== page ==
Children are sensory aware which can influence parents. Children connect to people who are like parents to them and this is why diversity is key and gives a sense of security.
Feedback and communication are important and needs to be simplistic, authentic and honest, descriptive, authentic and accessible, in a way that parents understand and receive it. Build bonds with parents. Create opportunities, other than around calendar events to involve and engage in purposeful dialogue.
When there are times that the teacher has to relay bad news, it is important to balance spending too little or too much time on the issue and to call home beforehand to avoid embarrassing the child. It is important children know that it is not them, but their behaviour that is being addressed.
Consider does my setting accommodate all cultures/religions/diversity?
Are there resources that represent the wider community? i.e. Devon children visiting London.
Director of The David Ross Education Trust Teaching Hub – A.K.A. “DRET,” Kat Howard, a cousin you might say to our Colyton and Kingsbridge Teaching School Hubs as three of the 87 national Hubs shared her curriculum expertise in her talk on “Leading Principles of Effective Curriculum Development.”
There is value in making content explicit to break down barriers for pupils and drawing on the community. For example, inviting local writers into school. By bringing together curriculum content from diverse experiences, the pupils can recognise themselves in the curriculum.
Map conversations about the curriculum and remember the significance of teacher expertise and a duty of care towards prospective teachers. Allow a grace period as a mechanism to ensure teachers deliver and understand the purpose of the curriculum with a shared vision and language and direction. There is a significant correlation between teacher purpose and professional fulfilment. The way in which we spend teachers’ and leaders’ time in schools will ultimately determine retention over time.
Focus on key reporting points and “look back, look forward” and use a live model so that retrieval becomes part of day-to-day structure of the curriculum with collaborative planning and coaching for discussions. Evaluation needs to be over time and consider who you bring together and the triangulation of data.
“The measure of success for our schools is ‘not the exam grades or the progress scores, important though they are, but instead the real meat of what is taught in our schools and colleagues: the curriculum.” (Spielman, 2017)
Back together in the main conference hall there was a sense of anticipation about the keynote by Stephen Morgan MP, Shadow Minister for Schools who presented on “Labour’s Vision for Education.” Glad to be back in the South West as a University of Bristol graduate, Stephen recalled his two weeks of work experience in a school – that put him off a career in the classroom. But he keeps close to the world of education as a School Governor and “a firm believer in the power of education to transform lives, create knowledge, skills, relationships and opportunities,” thanking staff for their “incredible work in difficult circumstances” - not least in recent years of the post-pandemic.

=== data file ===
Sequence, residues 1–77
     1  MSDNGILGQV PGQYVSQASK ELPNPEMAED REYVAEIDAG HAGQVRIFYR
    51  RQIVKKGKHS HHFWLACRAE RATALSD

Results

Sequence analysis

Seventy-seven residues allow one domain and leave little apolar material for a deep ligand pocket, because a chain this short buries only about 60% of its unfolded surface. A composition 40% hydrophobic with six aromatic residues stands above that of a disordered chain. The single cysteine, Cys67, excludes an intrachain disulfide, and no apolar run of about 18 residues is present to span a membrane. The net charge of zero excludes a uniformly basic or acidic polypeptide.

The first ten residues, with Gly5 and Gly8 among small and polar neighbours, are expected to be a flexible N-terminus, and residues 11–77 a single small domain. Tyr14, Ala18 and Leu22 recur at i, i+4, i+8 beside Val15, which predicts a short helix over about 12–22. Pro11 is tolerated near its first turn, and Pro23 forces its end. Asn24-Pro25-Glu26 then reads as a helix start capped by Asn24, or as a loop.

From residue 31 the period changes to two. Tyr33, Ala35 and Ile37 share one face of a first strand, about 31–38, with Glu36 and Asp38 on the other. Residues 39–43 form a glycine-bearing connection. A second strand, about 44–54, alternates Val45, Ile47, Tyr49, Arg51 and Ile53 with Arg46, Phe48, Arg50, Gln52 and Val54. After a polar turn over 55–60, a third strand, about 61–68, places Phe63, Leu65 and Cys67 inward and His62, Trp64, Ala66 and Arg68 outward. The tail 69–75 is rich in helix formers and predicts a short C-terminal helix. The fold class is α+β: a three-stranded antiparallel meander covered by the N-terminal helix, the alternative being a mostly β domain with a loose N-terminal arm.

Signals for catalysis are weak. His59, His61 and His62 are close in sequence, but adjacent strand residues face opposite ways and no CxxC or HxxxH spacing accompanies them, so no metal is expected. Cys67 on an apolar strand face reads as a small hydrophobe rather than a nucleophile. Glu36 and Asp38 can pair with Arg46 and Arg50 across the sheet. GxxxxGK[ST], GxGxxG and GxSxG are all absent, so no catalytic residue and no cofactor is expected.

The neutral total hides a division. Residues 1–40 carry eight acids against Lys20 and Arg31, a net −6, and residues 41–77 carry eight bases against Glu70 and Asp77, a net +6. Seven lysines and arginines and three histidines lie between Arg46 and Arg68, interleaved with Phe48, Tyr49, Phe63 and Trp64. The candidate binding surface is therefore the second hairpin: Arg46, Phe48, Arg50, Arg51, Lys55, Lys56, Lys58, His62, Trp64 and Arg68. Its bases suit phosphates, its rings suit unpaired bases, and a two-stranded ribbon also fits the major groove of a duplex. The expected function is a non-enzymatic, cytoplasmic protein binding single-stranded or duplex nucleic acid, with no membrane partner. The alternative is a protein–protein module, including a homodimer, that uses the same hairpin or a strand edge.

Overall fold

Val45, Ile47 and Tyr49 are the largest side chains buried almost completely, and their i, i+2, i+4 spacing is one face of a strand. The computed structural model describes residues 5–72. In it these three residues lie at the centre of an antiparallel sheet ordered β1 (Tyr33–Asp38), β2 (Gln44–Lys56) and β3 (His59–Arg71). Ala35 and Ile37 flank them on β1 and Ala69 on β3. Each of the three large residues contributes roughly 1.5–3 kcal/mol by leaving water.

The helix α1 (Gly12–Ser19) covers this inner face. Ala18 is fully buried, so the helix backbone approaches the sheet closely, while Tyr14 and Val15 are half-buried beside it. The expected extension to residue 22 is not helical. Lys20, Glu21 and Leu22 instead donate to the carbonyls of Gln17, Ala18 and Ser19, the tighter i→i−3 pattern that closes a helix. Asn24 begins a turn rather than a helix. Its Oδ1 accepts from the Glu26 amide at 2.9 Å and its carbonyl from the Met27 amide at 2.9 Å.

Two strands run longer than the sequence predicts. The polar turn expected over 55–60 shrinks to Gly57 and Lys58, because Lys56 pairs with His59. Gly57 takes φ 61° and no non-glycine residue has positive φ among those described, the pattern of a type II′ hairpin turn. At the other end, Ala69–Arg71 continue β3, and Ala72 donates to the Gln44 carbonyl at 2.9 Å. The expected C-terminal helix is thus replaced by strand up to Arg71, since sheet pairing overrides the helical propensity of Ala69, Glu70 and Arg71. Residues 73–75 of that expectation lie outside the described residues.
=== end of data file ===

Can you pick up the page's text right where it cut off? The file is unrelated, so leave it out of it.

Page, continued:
On visits to schools across the country, Stephen is always impressed by staff ambition and potential, and the dedication of school leaders and teachers who often feel stretched, taken for granted and underpaid. Whilst their dedication is recognised, Labour also understands they cannot run on recognition alone.
In addition, schools are managing the effects of the cost-of-living crisis and families are struggling with many children hungry and suffering mental health issues. A perfect storm. Added to which the unprecedented teacher recruitment and retention workforce challenge crisis with 2,000 vacant teaching posts a year meaning the Government is missing 40% of its annual recruitment targets, with the entire school population needing to be replaced every 14 years.
There may be no silver bullet. But Labour wants excellence for everyone with a few of their active ingredients offered here:
A Teaching Assistant in every classroom.
Wrap around support by working together.
End the private schools tax break.
Boost knowledge and skills.
Teachers encouraged to take on learning opportunities.
Skills to support SEN and EAL.
Support programmes for Headteacher to provide local support.
Reform Ofsted that is dreaded and makes schools feel underpowered.
Leaders and school staff under too much pressure.
Greater sector expertise.
Increased CAMHs support (“No child should be left without support.”).
Commit to Mental Health counsellors in schools.
Treat the profession with the respect it deserves.
“Not enough young people are leaving school ready for school and life.”
Career Advisors in schools.
Two weeks’ work experience for all children
Education is more than English and Maths.